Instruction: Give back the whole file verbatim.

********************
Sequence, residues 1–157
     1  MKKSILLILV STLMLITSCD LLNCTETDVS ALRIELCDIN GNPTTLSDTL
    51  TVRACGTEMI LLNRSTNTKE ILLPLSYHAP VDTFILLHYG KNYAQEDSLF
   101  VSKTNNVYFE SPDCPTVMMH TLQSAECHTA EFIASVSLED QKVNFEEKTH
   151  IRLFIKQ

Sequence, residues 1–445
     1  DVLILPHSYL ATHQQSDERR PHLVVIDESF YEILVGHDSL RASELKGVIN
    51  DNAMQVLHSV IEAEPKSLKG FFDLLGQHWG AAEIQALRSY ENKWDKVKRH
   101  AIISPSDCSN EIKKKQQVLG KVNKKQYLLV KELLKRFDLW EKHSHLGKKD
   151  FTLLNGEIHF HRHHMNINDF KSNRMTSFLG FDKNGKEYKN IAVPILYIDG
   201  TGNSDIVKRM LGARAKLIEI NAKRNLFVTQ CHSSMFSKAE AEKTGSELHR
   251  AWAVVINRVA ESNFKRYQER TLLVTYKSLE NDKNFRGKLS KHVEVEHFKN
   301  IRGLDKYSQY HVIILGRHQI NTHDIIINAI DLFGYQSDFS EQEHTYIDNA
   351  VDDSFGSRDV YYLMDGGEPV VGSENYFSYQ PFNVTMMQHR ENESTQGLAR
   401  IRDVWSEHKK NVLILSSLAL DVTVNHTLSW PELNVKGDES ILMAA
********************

Sequence, residues 1–157
     1  MKKSILLILV STLMLITSCD LLNCTETDVS ALRIELCDIN GNPTTLSDTL
    51  TVRACGTEMI LLNRSTNTKE ILLPLSYHAP VDTFILLHYG KNYAQEDSLF
   101  VSKTNNVYFE SPDCPTVMMH TLQSAECHTA EFIASVSLED QKVNFEEKTH
   151  IRLFIKQ

Sequence, residues 1–445
     1  DVLILPHSYL ATHQQSDERR PHLVVIDESF YEILVGHDSL RASELKGVIN
    51  DNAMQVLHSV IEAEPKSLKG FFDLLGQHWG AAEIQALRSY ENKWDKVKRH
   101  AIISPSDCSN EIKKKQQVLG KVNKKQYLLV KELLKRFDLW EKHSHLGKKD
   151  FTLLNGEIHF HRHHMNINDF KSNRMTSFLG FDKNGKEYKN IAVPILYIDG
   201  TGNSDIVKRM LGARAKLIEI NAKRNLFVTQ CHSSMFSKAE AEKTGSELHR
   251  AWAVVINRVA ESNFKRYQER TLLVTYKSLE NDKNFRGKLS KHVEVEHFKN
   301  IRGLDKYSQY HVIILGRHQI NTHDIIINAI DLFGYQSDFS EQEHTYIDNA
   351  VDDSFGSRDV YYLMDGGEPV VGSENYFSYQ PFNVTMMQHR ENESTQGLAR
   401  IRDVWSEHKK NVLILSSLAL DVTVNHTLSW PELNVKGDES ILMAA